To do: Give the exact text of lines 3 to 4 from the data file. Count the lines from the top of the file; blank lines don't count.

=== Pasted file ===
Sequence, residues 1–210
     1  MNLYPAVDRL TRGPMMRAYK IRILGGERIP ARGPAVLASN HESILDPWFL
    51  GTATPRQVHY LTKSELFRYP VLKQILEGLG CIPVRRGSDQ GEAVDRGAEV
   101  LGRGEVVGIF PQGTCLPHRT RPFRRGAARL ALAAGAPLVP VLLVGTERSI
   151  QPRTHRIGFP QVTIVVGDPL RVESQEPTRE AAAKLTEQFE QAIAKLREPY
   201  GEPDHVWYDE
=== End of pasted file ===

    51  GTATPRQVHY LTKSELFRYP VLKQILEGLG CIPVRRGSDQ GEAVDRGAEV
   101  LGRGEVVGIF PQGTCLPHRT RPFRRGAARL ALAAGAPLVP VLLVGTERSI